Dutch Usenet provider ordered to reveal identify of copyright infringing user

Dutch Usenet provider ordered to reveal identify of copyright infringing userA specialist Usenet provider in the Netherlands has been told to provide Dutch anti-piracy group BREIN with details about a former user who is accused of sharing copyright infringing material via the Usenet network. As previously reported, BREIN has stepped up its efforts in the last eighteen months to target prolific individual file-sharers, scoring some success in getting rampant online infringers to commit to stop infringing via the threat of court orders that would force the file-sharers to pay significant damages. The anti-piracy group has targeted people sharing links to unlicensed material via various online platforms and networks, including Usenet. Its latest bid to do that required Dutch Usenet-provider Eweka to reveal the identify of a former user, but it refused to do so without a court order. So BREIN went to court and secured said order, and also a ruling that said Eweka must comply with the anti-piracy group’s requests in similar cases in the future without additional injunctions from the court. According to Torrentfreak , this is in line with past precedent in the Netherlands where courts have said that internet companies should reveal the identities of users in infringement cases, where the case for infringement is […]

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UK ad spend on piracy sites down 64%, reckons PIPCU

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Toll of counterfeiting and piracy predicted to top $2.3 trillion as call made for governments to do more 06 Feb 17

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Global impacts of counterfeiting and piracy to reach US$4.2 trillion by 2022

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Global Impacts Study+”PDF”

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2016 Notorious Markets List Spotlights Fight against Global Piracy and Counterfeiting of American Products+”PDF”

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YouTube Ripping, A Copyright Wildfire

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Zone Téléchargement : pour la Sacem, « il n’y a plus d’impunité pour les pirates »

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Google Asked to Remove a Billion “Pirate” Search Results in a Year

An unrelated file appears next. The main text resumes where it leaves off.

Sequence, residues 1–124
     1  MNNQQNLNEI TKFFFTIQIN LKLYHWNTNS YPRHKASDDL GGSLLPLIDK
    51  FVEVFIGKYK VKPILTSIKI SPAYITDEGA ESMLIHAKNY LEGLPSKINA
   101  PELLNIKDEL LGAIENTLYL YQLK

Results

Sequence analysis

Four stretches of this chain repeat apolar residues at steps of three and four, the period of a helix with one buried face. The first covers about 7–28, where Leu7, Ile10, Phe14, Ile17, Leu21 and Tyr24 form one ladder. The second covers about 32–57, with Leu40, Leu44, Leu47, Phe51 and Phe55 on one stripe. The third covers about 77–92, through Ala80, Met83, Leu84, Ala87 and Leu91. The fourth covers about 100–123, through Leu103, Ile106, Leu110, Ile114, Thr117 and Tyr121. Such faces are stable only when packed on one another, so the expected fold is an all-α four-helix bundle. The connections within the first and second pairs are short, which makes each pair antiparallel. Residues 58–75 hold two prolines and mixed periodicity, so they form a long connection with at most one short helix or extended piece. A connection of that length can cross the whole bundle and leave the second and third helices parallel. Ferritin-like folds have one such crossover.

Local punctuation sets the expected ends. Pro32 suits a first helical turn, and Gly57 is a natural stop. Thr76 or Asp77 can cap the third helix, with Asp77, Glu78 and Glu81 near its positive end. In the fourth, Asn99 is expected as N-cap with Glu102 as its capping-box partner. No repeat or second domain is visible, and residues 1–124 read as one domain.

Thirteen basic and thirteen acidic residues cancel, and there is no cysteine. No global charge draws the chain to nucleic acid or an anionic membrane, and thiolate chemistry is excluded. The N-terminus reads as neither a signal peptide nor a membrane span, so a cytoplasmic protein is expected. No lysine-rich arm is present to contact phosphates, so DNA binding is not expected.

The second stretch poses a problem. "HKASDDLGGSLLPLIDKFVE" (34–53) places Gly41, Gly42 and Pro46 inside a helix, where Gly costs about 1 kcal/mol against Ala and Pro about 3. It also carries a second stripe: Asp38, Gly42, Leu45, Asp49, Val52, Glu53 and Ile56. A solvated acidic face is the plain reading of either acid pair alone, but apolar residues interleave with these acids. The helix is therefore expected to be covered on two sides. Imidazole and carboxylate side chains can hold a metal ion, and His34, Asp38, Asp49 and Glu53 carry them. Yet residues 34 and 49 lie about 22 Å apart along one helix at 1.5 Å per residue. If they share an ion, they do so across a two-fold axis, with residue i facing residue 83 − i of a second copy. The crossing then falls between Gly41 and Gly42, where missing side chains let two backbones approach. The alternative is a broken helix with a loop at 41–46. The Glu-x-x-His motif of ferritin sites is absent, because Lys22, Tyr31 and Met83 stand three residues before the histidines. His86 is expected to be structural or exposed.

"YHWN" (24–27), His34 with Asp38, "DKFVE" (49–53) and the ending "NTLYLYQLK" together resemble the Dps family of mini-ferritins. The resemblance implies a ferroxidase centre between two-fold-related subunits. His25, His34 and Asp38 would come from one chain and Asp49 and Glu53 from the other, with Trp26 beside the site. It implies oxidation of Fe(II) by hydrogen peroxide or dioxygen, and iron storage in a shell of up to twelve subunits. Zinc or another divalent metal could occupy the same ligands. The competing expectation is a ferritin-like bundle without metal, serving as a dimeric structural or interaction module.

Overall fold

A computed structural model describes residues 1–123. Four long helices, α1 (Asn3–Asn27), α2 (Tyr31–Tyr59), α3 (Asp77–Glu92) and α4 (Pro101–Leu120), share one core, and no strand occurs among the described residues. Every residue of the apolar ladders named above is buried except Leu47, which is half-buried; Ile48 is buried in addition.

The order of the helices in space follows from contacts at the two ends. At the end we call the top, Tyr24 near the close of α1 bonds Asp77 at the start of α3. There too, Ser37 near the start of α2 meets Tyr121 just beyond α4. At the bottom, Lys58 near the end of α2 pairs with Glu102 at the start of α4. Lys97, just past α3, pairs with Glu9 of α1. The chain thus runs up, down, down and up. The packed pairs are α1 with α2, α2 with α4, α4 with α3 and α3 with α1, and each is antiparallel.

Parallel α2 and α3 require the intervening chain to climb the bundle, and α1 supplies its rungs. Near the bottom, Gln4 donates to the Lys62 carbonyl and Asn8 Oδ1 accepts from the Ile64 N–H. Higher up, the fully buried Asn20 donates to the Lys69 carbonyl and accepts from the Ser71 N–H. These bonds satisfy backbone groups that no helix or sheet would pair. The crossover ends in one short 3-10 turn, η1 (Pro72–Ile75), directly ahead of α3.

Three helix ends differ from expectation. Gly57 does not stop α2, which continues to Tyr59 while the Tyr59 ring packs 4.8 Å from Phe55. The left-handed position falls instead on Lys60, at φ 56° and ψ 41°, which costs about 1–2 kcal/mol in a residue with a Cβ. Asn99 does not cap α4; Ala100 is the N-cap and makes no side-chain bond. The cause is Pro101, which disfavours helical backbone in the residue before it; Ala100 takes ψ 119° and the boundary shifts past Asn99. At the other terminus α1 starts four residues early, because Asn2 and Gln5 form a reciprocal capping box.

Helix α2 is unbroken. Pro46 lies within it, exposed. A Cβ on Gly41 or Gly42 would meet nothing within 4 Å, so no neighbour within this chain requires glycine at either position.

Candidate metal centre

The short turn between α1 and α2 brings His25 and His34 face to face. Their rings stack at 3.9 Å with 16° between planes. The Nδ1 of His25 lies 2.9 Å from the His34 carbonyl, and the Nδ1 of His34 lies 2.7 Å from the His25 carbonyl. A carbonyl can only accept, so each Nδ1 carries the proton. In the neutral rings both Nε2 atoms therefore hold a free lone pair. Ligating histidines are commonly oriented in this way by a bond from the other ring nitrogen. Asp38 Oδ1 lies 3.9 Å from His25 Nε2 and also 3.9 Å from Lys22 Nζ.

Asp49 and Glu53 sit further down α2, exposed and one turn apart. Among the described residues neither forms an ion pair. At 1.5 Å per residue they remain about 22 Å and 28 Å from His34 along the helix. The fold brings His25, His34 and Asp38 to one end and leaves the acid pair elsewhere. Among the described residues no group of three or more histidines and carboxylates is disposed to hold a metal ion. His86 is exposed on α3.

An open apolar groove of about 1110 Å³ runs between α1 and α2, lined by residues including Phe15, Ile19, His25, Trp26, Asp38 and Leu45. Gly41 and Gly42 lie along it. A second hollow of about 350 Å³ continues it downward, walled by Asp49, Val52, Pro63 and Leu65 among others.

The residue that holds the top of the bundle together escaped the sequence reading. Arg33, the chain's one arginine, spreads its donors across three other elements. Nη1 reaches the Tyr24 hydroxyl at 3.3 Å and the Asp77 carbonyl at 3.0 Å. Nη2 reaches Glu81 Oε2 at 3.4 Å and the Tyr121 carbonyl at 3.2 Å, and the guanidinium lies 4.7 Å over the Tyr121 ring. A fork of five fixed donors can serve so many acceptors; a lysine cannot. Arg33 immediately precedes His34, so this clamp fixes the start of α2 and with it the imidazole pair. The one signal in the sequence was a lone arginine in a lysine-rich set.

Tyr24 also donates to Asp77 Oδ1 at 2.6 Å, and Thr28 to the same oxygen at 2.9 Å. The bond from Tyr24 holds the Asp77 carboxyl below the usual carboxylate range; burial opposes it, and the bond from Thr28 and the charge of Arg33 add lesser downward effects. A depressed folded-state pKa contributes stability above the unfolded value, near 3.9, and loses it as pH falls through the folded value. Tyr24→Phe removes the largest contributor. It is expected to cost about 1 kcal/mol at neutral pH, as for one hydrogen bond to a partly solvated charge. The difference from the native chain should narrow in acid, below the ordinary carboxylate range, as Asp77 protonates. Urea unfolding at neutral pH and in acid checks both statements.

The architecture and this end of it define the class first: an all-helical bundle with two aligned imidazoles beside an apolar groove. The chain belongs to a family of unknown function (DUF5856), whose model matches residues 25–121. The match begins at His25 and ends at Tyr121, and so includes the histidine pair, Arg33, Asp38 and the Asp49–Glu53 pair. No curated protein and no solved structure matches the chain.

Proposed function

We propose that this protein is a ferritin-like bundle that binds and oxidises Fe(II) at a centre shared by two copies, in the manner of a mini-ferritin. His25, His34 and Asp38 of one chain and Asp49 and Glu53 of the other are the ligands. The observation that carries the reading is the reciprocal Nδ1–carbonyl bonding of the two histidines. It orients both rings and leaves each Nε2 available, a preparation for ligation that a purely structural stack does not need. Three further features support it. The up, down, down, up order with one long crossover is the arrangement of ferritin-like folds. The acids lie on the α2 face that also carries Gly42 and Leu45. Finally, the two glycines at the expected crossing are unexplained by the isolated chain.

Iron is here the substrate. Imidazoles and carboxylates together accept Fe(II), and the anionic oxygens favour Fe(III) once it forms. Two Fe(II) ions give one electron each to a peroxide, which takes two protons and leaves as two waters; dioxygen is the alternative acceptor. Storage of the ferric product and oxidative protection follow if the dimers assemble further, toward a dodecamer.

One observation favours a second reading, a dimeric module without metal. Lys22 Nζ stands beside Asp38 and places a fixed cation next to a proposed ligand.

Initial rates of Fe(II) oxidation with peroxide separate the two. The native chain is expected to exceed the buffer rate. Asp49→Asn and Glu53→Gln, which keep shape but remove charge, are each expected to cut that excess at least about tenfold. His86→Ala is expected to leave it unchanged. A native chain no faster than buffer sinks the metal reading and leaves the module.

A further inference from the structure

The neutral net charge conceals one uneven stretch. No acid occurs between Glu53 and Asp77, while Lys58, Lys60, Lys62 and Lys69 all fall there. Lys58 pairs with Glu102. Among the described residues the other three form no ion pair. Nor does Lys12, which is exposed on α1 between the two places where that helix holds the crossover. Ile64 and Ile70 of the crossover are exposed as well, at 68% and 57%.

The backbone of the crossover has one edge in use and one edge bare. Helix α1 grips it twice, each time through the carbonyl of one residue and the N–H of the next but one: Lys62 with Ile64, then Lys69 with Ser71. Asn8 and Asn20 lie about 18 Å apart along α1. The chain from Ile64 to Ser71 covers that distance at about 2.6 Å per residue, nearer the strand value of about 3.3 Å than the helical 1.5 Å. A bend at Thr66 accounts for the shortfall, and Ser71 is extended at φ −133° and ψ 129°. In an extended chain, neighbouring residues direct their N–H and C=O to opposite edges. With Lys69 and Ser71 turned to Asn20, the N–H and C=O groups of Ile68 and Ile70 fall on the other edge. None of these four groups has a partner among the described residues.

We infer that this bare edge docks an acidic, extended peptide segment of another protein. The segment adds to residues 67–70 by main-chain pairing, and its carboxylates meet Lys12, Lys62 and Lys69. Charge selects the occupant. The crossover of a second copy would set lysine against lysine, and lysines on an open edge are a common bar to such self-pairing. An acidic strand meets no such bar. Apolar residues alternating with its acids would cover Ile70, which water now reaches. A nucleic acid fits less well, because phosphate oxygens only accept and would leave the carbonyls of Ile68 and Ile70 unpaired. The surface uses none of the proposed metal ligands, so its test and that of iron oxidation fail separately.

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Students beware: Illegal downloading on campus is risky

A student watches Game of Thrones on his computer. (Photo illustration by Levi Nicholson and Richard Redditt) Despite the latest episode of Game of Thrones being just a few mouse clicks away, students looking to save a quick buck may want to think twice before pirating the popular fantasy television series while connected to campus WiFi. New federal laws are forcing universities to forward thousands of copyright notices to students alleged to have illegally downloaded and shared copyrighted content such as music, movies and video games, even if critics say the notices appear threatening, misleading and can potentially put students on the hook for hundreds of dollars. This “notice-and-notice” system became mandatory under new copyright laws introduced in January 2015. Because universities provide services similar to those of commercial Internet providers like Telus, Bell or Rogers, they too are required to forward infringement notices to suspected pirates surfing on campus computer networks. If universities fail to comply, they risk being sued by copyright holders (movie, television, music and video game studios, for example). The illicit infringers aren’t just misbehaving students. Many post-secondary institutions forward these notices to staff and faculty, as well. But while film and television studios like […]

Will President Trump Be Tough on Online Piracy?

Will President Trump Be Tough on Online Piracy?The people of the United States elected Donald Trump as their next president this week. The election outcome came as a total surprise to many, who are now wondering what’s in store for the next four years. According to some, The Pirate Bay and other pirate sites are in for a rough ride, but is that really the case? At TorrentFreak we have no interest in reporting on politics, except when it’s relevant to copyright issues. After the surprising victory of Donald Trump earlier this week, several people asked what this would mean for the country’s stance on piracy and copyright enforcement in general. While we would love to dissect the issue in detail, there are no concrete policy proposals yet. Neither Trump nor Clinton have gone into detail over the past few months. So what do we know? It’s not a secret that Donald Trump made some rather dubious remarks during his election campaign. For example, he suggested that it might be worth considering whether to “ close up ” the Internet over terrorist threats. Extreme or not, we believe that extrapolating these kinds of one-liners into copyright policy proposals goes a bit far, to say the least. A concrete promise Trump has made on copyright issues came a few hours after his election victory. The president-elect vowed to end foreign trade abuses with help from the U.S. Trade Representative (USTR), which keeps a close eye on pirate sites . “I will direct the Secretary of Commerce and U.S. Trade Representative to identify all foreign trading abuses that unfairly impact American workers and direct them to use every tool under American and international law to end those abuses immediately,” Trump said. This is tough language. Still, the promise is hardly any different from the general policy that’s been […]

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